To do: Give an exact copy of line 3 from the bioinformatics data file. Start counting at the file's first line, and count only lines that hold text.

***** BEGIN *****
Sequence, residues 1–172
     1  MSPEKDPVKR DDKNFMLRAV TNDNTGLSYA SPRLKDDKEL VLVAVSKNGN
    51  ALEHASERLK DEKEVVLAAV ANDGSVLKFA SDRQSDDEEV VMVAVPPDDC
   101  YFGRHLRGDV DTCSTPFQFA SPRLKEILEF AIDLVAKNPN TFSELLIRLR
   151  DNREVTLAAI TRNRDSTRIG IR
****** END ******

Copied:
    51  ALEHASERLK DEKEVVLAAV ANDGSVLKFA SDRQSDDEEV VMVAVPPDDC